I was scrolling through my Twitter feed in early January when I noticed an intriguing hashtag kept popping up. #BigDataBowl. All of these tweets retweeted into my feed by Michael Lopez, the Director of Data and Analytics at the NFL. Some examples:
And one from Dr. Lopez himself (though he forgot to include the hashtag):
These were all super cool, but it still wasn't clear to me what #BigDataBowl was. A bit more digging and I found the following on the NFL's official website:
As the NFL captures real-time data for every player on every play — anywhere on the field — the Big Data Bowl is the league’s next step in engaging the analytics community. Contestants will use traditional and Next Gen Stats to tackle themes that challenge them to analyze and rethink trends and player performance, and to innovate the way football is played and coached.
The prize? The NFL has historically been stingy with releasing open-source data, so access to the data is prize enough for some. However, eight selected finalists will also go to the NFL Combine to present their findings to members of the NFL front office, team executives, industry-leading representatives, and league sponsors. Two grand prize winners then get tickets to a 2019 NFL game and a $1,000 gift card. Pretty slick initiative!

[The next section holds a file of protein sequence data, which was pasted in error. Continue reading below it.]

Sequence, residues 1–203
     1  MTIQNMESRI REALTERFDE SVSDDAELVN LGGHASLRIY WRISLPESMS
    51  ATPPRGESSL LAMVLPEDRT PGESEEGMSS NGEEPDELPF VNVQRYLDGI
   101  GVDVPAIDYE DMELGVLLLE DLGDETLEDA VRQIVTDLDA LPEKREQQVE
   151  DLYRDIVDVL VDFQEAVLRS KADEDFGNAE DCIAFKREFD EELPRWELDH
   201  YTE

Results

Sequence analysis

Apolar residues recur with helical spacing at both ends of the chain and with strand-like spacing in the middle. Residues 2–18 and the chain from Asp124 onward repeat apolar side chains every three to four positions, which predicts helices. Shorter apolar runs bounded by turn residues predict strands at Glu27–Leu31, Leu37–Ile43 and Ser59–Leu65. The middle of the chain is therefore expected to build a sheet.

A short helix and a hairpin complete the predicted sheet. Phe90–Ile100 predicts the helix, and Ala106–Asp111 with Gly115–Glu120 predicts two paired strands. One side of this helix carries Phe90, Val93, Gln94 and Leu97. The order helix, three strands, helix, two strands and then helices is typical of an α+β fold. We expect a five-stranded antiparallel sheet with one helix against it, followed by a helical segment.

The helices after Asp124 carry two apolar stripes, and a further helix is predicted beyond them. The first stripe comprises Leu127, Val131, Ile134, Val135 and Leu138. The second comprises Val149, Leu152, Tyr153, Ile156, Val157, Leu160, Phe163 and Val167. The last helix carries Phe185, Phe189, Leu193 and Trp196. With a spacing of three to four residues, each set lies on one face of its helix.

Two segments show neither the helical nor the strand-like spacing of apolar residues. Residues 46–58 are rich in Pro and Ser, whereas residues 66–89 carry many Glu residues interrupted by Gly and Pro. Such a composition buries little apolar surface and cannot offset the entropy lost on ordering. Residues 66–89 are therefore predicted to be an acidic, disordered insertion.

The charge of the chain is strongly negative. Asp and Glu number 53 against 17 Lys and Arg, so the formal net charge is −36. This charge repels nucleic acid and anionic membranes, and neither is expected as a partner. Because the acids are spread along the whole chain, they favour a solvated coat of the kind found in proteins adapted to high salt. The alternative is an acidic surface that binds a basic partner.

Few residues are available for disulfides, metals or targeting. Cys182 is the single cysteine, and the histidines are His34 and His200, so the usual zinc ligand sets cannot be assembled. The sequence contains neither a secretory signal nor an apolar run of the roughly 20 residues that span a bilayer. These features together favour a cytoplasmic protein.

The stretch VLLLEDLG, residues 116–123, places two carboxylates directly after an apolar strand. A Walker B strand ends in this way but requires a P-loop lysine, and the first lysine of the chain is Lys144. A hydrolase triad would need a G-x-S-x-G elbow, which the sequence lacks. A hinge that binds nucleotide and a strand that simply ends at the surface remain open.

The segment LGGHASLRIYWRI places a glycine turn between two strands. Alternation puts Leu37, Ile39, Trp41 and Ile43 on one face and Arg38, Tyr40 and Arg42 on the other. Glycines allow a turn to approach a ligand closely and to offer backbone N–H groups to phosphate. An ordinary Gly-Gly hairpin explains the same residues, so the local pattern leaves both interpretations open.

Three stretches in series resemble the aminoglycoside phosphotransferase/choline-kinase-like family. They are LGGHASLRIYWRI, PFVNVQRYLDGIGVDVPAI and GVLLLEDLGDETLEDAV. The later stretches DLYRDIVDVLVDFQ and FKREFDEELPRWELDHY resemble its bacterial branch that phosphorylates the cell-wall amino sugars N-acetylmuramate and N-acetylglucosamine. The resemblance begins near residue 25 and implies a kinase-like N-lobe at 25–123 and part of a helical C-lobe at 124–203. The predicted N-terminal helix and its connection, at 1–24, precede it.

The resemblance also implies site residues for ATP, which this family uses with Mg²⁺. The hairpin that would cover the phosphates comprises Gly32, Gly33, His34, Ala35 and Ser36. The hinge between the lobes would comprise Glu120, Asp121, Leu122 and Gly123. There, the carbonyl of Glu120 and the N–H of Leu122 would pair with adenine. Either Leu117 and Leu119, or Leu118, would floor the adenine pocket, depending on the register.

I then came across the following tweet:
I can't vouch for [DataCamp's] Python [courses], but the R ones (using the tidyverse) are taught by folks I respect
Good thing I can! I'm super excited about Hillary Green-Lerman's recently released Python Course, Introduction to Data Science in Python. She incorporates error-first coding in her teaching, which is excellent if you've ever felt or been told coding "isn't for you." Even if you've never written a line of code in your life, you'll be able to follow this Course and witness the power of Python to perform data science.
And I lead DataCamp Projects. If you aren't already aware, Projects are where you apply several of the skills you learned in DataCamp Courses in a real-world, end-to-end data analysis in a Jupyter Notebook. Since I won't vouch for myself because that's weird, you'll have to check out the latest Python Project I created, TV, Halftime Shows, and the Big Game, which is a followup to Hillary's Introduction to Data Science in Python.
We were not able to use the #BigDataBowl data in this Project, so instead, I scraped and polished web data from Wikipedia to create a dataset with game data, television data, and halftime musician data for every Big Game ever. So take the Project and answer questions like, "What is the evolution of ad cost per viewer?" "Is Nielsen rating correlated with point differences?" "Who is the musician with the most halftime show appearances?" The answers may surprise you!
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